Are you a specialist or a jack-of-all-trades? Are you gifted in one or two highly focused skill sets or can you do a little bit of everything? If you were (or are) a doctor, would you be a family doc, skilled at diagnosing and treating a wide range of simple symptoms, or would you be a specialist, directing all of your faculties toward the curing of one specific human ailment?
Today’s entrepreneurial free market has given unprecedented rise to the specialist, the boutique, and the niche. For some, survival in today’s business climate has required them to focus their efforts on mastering a clearly defined niche of the market rather than trying to accommodate the full ranging needs of the average shopper.
Additionally, our star-stricken, celebrity obsessed culture directs nearly all of our attention toward the rare standout performers. We practically worship the top performers in a given sport or field of achievement, while seldom acknowledging the journeymen/women who faithfully show up and adequately perform a wide range of supportive job duties. Sometimes it’s good for us to pause and remember the journeyman (because most of us probably are the journeyman), and to remember that there is still—and always will be—a place for the jack-of-all-trades.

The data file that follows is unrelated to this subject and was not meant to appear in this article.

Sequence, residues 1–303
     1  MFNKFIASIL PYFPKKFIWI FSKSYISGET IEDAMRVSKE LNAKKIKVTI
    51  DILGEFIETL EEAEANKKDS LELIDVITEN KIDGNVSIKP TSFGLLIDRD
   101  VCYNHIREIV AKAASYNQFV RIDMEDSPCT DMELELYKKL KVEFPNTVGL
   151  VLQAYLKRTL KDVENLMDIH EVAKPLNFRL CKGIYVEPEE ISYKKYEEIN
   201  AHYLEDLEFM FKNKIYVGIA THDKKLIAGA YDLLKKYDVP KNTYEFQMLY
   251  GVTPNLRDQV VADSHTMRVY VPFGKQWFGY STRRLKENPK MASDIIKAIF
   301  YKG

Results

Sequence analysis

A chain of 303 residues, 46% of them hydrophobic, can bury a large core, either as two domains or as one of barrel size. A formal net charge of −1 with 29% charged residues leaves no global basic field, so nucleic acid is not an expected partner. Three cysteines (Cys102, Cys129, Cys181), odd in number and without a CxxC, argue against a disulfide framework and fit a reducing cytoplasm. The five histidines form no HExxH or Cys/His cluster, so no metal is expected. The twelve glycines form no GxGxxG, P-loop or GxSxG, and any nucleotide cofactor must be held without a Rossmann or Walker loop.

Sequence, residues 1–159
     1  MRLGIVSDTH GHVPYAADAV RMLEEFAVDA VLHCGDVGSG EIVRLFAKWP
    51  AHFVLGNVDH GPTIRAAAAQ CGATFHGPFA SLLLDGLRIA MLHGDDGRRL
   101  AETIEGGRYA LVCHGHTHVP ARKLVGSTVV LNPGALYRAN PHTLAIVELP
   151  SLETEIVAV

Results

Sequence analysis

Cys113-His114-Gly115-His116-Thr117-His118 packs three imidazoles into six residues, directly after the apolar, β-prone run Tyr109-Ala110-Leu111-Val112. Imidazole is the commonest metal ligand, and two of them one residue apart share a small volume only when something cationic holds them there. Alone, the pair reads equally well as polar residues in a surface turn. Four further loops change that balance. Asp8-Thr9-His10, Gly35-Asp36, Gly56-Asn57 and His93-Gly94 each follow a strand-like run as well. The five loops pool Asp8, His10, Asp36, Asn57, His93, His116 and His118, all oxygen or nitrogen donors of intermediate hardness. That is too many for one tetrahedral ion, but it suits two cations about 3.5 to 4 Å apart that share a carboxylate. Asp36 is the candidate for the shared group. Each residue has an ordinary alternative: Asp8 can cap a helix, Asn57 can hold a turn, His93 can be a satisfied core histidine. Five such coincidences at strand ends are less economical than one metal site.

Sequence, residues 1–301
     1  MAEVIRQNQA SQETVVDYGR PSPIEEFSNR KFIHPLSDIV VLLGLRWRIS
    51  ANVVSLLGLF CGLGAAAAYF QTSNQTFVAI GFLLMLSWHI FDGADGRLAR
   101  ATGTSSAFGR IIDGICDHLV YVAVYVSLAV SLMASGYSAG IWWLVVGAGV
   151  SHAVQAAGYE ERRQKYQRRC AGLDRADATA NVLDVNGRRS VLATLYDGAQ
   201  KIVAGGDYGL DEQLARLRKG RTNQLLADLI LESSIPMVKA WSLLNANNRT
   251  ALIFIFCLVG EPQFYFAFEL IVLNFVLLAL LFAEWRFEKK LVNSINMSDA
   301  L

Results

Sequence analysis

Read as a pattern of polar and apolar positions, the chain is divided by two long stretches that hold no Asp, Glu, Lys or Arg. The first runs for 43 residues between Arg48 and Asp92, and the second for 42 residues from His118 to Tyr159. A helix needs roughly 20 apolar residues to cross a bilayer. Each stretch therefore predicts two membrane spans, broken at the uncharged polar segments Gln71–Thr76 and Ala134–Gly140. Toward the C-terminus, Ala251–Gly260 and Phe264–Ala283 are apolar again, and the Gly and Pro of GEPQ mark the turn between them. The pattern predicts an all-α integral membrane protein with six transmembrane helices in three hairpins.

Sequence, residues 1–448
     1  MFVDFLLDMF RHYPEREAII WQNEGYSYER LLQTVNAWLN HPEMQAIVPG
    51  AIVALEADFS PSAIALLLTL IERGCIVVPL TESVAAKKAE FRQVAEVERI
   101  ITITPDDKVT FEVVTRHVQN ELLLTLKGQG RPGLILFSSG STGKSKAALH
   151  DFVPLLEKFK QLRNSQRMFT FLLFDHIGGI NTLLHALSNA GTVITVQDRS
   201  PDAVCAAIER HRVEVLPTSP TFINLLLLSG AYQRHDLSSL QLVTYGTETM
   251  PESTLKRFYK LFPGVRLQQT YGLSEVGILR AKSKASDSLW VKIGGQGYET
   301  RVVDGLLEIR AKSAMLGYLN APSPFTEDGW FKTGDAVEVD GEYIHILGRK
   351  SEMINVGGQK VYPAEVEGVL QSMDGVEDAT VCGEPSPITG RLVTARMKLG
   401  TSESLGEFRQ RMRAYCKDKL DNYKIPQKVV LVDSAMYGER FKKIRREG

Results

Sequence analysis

Can you imagine how frustrating it would be for a Swiss Army Knife to be expected to perform like a solitary screwdriver (or like a pair of scissors—have you seen the flimsy scissors on a Swiss Army knife??)? If you need to screw in a bunch of Phillips-headed screws by hand you don’t want a Swiss Army knife or a Leatherman—you want a big screwdriver with a comfy handle. However, if you’re camping or doing small, around-the-house maintenance, the Leatherman/Swiss Army knife can’t be beaten.
So again…which are you? Are you a solitary screwdriver or a Swiss Army knife? Are you a specialist or a generalist? Remember, a world-class generalist is just as excellent and necessary as a world-class specialist even if there isn’t as much recognition or fame attached to that role.
My hope is that we generalists can be at peace with our gift-mix and find a place to serve where only jacks-of-all-trades can truly get the job done.